Nothing is so simple in Torah, and so those passages that seem insignificant are generally anything but. In Parashat Vayigash we experience the reuniting of Yaakov and Yosef after their being separated for over twenty years. Between Yaakov’s departure to and arrival in Mitzrayim where he and Yosef are reunited, the Torah gives us a full genealogy of Yaakov’s children and grandchildren. Among those names is one, in particular, which stands out:
The children of Shimon: Yemu’el, and Yamin, and Ohad, and Yakhin, and Tzohar; and Sha’ul son of the Kanaanite woman (Genesis 46:10)
Not only is that last name set apart by the pattern of cantillation, it is unique in all of the 66 names mentioned in that it explicitly references the nationality of Sha’ul’s mother! So let’s investigate further…
We always start with Rashi, who says based upon a Midrash that the Kanaanite woman is Dinah, Shimon’s sister! That once Dinah became married to a Kanaanite man (through rape), she refused to leave Shekhem unless Shimon married her and fathered a child with her. Understandably, this incest is quite difficult for most commentators to accept.
Ibn Ezra presents a more practical suggestion: “since the wives of the tribes were Arami, Mitzri, Edomi, or Midiani, it singles him out because Shimon did not follow in that custom and he married a Kanaanite woman.”
Radak presents an interesting solution to how it is that Shimon came to break the command of his great-grandfather, Avraham, that “Shimon married his first wife and had the other children with her, but Sha’ul he had with a different Kanaanite woman…”
So these represent a midrashic and practical solution, but let’s dig a little deeper…
In Targum Yonatan we find something quite surprising – not as surprising as incest, but surprising nonetheless. The rendering in Aramaic translates to:
The sons of Shimon: Yemu’el, and Yamin, and Ohad, and Yakhin, and Tzohar; and Sha’ul, who is Zimri who did the work of the Kanaanites at Shittim.
If that name doesn’t ring a bell, let me remind you:
Yisrael dwelled at Shittim; and the people began to whore with the daughters of Moav. They called out to the people to sacrifice to their gods; and the people ate and prostrated to their gods. Yisrael was tied itself to Ba’al Pe’or; and Hashem’s anger flared at Yisrael. Hashem said to Moshe: take all of the heads of the people and impale them for Hashem opposite the sun; so Hashem’s flaring anger will turn back from Yisrael. Moshe said to the judges of Yisrael: Each must kill the people who tied themselves to Ba’al Pe’or!” And behold, a man from the Children of Yisrael came and brought near to his brothers the Midianite woman, for Moshe’s eyes, and for the eyes of the entire congregation of the Children of Yisrael, and they were crying at the opening of the Tent of Meeting. (Numbers 25:1-6)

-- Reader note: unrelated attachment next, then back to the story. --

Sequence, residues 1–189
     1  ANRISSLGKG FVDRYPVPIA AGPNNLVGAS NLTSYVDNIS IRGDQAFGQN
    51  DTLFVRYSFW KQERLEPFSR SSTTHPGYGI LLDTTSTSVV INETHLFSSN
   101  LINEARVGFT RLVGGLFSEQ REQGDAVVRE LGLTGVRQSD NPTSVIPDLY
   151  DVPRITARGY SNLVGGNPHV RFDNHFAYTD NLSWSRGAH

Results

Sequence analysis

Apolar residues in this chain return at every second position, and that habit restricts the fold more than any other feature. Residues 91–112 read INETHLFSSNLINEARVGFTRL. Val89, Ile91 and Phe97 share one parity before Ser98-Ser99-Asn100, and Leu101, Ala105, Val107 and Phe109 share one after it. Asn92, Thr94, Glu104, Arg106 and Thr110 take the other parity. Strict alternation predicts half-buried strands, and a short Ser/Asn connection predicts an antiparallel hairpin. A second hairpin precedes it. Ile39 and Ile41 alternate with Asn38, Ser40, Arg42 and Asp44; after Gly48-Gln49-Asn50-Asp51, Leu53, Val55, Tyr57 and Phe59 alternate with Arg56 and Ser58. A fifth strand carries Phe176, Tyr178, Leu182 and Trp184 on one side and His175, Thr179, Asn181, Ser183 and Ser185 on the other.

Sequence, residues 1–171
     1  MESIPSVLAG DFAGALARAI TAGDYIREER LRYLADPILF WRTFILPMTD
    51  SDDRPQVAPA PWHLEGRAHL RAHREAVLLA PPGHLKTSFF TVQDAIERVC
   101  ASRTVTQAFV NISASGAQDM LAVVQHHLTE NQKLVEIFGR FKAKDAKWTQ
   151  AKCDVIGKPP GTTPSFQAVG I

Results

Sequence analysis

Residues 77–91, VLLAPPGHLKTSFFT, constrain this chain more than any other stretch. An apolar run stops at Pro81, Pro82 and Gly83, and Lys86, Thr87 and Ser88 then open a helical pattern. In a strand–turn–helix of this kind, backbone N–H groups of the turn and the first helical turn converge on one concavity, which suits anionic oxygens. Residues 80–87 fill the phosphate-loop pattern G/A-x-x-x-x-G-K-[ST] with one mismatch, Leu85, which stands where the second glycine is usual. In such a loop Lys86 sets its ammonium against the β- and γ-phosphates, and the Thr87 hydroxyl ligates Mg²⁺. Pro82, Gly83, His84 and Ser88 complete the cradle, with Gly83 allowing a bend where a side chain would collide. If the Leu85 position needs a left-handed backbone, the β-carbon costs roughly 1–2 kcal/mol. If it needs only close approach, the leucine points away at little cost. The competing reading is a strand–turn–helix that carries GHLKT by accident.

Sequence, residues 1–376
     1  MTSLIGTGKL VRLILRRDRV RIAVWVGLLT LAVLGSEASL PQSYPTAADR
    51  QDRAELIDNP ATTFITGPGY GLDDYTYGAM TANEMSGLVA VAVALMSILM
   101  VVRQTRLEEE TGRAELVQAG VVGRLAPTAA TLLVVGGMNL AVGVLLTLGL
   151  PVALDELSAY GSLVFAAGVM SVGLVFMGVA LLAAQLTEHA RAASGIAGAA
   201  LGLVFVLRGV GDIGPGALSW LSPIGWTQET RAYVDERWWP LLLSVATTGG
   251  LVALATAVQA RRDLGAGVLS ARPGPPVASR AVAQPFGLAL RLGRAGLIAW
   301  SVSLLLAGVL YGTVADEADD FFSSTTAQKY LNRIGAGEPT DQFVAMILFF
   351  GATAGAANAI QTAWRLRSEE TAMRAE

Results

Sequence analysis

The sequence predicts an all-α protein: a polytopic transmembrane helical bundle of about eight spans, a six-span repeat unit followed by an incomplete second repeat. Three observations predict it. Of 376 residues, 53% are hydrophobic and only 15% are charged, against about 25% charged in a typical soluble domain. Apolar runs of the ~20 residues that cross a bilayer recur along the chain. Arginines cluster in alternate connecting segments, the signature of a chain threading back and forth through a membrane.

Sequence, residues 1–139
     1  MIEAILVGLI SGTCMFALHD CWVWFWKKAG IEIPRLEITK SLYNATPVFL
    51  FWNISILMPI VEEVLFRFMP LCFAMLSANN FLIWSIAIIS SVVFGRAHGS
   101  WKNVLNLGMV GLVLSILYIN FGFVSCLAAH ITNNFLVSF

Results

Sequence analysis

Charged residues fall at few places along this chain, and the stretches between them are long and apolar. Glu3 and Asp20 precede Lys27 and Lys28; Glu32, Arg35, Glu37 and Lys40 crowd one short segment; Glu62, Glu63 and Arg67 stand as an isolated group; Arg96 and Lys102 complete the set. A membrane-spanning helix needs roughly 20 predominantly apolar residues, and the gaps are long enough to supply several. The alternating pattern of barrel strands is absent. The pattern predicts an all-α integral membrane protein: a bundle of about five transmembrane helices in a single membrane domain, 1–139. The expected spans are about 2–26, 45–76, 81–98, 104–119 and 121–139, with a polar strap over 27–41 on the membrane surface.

Because the language is a little vague, let’s explicitly name what is happening here – these two people, this Israelite man and this Midianite woman, are copulating publicly in front of the Tent of Meeting. At that point, Pinhas, Aharon’s son, takes his spear and impales them while they are engaged in their public act. A few verses later, the Torah says:
The name of the man of Yisrael who was smote, who smote the Midianite woman, was Zimri ben Sal’u, chief of the house of the father of the Shimoni. (Numbers 25:14)
This one simple verse gives us a fair amount to unpack, but we’ll just focus on the identifying factors. First, going back to the passage quoted above, it tells us that “a man from the Children of Yisrael,” and this would not be significant were it not for the fact that the term employed in every other instance in that passage is simply “Yisrael.” Then, in verse 14 it states that this person Zimri was the “chief of the house of the father of Shimoni.” This is a big clue, because at the beginning of the Book of Numbers we get a list of all of the chiefs of family clans, but this name Zimri appears only in this once single instance!
At the beginning of the Book of Numbers, we read:
Hashem spoke to Moshe in the wilderness of Sinai, in the Tent of Meeting; on the first month of the secon year of their going out from the land of Mitzrayim, saying. Lift the head of the entire congregation of the Children of Yisrael by their family, by the house of their father; counting names, each male per capita. From twenty years and upward, all who come out for the army of Yisrael, count them for their army, you and Aharon. And with you a man for each tribe; a man who is head of their father’s house. These are the names of the men who will stand with you: For Reuven, Elitzur ben Sh’dei’ur. For Shimon, Shlumi’el ben Tzuri’shaddai. (Numbers 1:1-6)
And each time the chief of the tribe of Shimon is mentioned throughout the Torah, it is always Shlumi’el ben Tzuri’shaddai; so who is this Zimri? The Talmud provides an answer.
In the midst of a discussion on the incident referenced above involving Zimri, we learn:
Rabbi Yohanan said: He has five names – Zimri, Ben Salu, Sha’ul, Ben Ha’Kenaanit, and Shlumi’el ben Tzuri’shaddai. “Zimri” because he made himself like a scrambled (muzeret) egg; “Ben Salu” because he elicited (hi’sli) transgressions on his family; “Sha’ul” because he lent (hi’shil) himself to transgression; “Ben Ha’Kenaanit” because he did the deed of Kenaan; so what is his name? Shlumi’el ben Tzuri’shaddai is his name.
So why, then, would the verse in our Torah portion refer to him as Sha’ul ben Ha’Kenaanit instead of his actual name?
To maintain the honor he had before he engaged in the act, but to not ignore that his actions tarnished his name. Because as we learn in Ecclesiastes: “tov shem mi’shemen tov – a good name is better than good oil.”